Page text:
As the next tier of emission-control guidelines from the IMO dictates, the options for treatment of exhaust gases will include using either costly low-sulfur fuel or scrubbers. Jonathan Parrott, Vice President at Seattle-based Jensen Maritime Consultants, celebrating 50 years in business, indicates some scrubbers are as big as some of the silencers on these engines. “You’re talking about a three-foot-diameter by 10-foot-long tube that, on some of these smaller boats, is going to be very difficult to put in. Still, we have to look ahead for that type of technology.” In fact, Wärtsilä is in the process of developing its first commercial marine scrubber for short-sea carrier Containerships Ltd. Oy of Finland, to be delivered this August.
Start Your Engines!
Another factor to consider in the green equation is engine performance. Worn bearings and out-of-balance machines can contribute to considerable lost energy over time. “Misalignment can sap four to five percent of a machine’s energy on average and in some cases up to 10 percent, depending on the degree of misalignment,” says Rich Merhige, President of Advanced Mechanical Enterprises in Florida, a mechanical engineering firm that focuses on vibration analysis and laser alignment services in the marine industry. The company is currently using a sophisticated new tool developed by Windrock Inc. specifically for diesel engine diagnostics, using vibration and ultrasonics. The Windrock system provides valuable information about the condition of the engine so that it can be tuned to optimize performance.
Hybrid propulsion systems are also a green alternative but are not widely used as of yet. Robert Allan Ltd., located in Vancouver, B.C. and in business since 1930, recently partnered with Seattle-based Foss Maritime in the development of the world’s first hybrid tug, which is now working in the Port of Los Angeles and Long Beach. It was a very successful project but ultimately subsidized by the port and the State of California – an option not available for most shipowners. “Those who are taking the first steps are paying a significant premium,” Robert G. Allan says. “The majority of the savings will be in reduced maintenance on the machinery on those vessels, but the additional cost of putting these complex systems into harbor vessels is significant.”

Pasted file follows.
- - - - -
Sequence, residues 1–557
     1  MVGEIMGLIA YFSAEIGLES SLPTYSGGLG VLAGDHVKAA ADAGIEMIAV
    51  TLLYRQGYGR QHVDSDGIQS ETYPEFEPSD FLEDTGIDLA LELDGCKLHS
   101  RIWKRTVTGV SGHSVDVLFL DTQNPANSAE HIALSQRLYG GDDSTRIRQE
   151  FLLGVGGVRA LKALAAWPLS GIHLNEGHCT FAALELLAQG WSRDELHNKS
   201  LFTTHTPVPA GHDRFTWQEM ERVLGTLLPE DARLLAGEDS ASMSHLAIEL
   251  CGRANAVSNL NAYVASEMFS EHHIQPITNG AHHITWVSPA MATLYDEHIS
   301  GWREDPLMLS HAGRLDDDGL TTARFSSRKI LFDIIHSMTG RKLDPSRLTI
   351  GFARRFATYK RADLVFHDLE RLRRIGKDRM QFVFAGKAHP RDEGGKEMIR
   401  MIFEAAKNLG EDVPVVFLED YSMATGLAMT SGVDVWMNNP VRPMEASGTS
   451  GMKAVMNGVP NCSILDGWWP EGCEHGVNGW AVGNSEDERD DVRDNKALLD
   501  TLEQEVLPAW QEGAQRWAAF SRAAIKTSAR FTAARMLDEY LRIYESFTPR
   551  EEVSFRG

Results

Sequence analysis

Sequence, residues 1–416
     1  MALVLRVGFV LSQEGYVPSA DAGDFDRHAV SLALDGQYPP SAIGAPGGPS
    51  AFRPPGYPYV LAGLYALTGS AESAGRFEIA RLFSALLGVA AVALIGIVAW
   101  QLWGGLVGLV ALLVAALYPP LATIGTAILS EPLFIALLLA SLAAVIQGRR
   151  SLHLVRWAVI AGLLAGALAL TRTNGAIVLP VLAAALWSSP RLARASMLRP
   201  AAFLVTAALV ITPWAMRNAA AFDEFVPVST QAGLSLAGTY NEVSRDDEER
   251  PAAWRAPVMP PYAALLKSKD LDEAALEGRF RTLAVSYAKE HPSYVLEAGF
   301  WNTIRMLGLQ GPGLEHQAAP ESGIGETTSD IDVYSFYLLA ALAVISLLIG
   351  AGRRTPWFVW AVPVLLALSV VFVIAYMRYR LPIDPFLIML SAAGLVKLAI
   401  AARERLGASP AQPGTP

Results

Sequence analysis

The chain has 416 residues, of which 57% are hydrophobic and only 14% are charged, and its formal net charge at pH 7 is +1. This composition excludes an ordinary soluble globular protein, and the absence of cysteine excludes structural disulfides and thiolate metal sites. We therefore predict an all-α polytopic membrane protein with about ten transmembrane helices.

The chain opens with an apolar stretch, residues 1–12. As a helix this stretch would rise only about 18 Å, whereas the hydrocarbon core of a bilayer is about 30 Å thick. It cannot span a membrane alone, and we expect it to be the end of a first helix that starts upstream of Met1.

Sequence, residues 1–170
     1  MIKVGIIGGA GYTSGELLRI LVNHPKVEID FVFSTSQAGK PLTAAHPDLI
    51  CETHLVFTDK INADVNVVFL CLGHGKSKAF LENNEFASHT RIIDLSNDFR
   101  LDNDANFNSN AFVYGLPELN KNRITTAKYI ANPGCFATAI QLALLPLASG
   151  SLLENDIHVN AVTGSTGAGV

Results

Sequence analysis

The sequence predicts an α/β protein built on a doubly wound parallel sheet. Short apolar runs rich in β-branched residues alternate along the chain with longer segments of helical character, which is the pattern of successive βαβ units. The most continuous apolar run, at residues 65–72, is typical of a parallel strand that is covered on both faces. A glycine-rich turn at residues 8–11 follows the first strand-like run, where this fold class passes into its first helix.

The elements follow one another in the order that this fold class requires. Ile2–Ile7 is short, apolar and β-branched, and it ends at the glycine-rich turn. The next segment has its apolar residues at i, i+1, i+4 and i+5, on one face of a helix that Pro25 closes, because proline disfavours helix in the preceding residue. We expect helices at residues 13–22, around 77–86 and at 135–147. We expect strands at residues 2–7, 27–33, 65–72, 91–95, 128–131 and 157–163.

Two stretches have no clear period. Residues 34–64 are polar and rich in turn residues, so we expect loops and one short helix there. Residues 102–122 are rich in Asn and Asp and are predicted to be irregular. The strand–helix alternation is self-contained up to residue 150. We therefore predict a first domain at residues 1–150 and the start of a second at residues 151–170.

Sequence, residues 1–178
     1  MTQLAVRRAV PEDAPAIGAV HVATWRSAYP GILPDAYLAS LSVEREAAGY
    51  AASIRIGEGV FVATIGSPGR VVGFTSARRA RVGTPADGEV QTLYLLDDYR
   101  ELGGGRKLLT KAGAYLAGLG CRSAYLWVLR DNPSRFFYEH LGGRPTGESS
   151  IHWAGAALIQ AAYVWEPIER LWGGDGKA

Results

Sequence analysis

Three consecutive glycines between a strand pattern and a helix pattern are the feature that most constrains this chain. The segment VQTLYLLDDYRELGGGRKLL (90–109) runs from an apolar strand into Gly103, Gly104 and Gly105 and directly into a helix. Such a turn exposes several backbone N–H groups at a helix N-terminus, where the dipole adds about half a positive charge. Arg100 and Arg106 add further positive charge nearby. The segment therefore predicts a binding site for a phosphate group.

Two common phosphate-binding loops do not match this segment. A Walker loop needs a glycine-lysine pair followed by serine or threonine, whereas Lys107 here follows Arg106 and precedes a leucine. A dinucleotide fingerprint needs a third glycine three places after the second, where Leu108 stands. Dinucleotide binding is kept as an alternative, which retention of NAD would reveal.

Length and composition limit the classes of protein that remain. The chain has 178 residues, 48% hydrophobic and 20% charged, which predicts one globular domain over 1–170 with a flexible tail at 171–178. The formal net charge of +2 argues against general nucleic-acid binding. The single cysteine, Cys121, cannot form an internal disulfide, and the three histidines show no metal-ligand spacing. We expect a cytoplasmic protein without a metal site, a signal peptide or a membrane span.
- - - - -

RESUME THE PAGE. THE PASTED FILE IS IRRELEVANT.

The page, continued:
The Hull Factor
When it comes to hull design for greener ships, naval architects can now predict hull resistance with more advanced tools than before so that hulls can function at optimum efficiency across the broadest range of conditions. Kenneth Humphreys of New Orleans-based Mino Marine, experts in offshore liftboat design, says Ship Constructor is one of the popular 3D modeling software systems. Other key software programs include Finite Element Analysis, which helps designers evaluate the structure in detail and reduce redundancies, hull weight, and construction costs. Computational Fluid Dynamics allows naval architects to accurately simulate fluid flow and perform comparative analyses faster than before and with a greater degree of engineering certainty.
Scott McClure of Alan C. McClure Associates adds, “The other part of that is to work on hull form efficiencies for the same speed to reduce fuel consumption and power demand. There has also been quite a bit of work done on coatings to eliminate or highly reduce marine growth as well.” Advanced Mechanical Enterprises’ Merhige cautions, however, that the combination of lighter scantlings with higher engine power can make vessels more prone to vibration and alignment problems.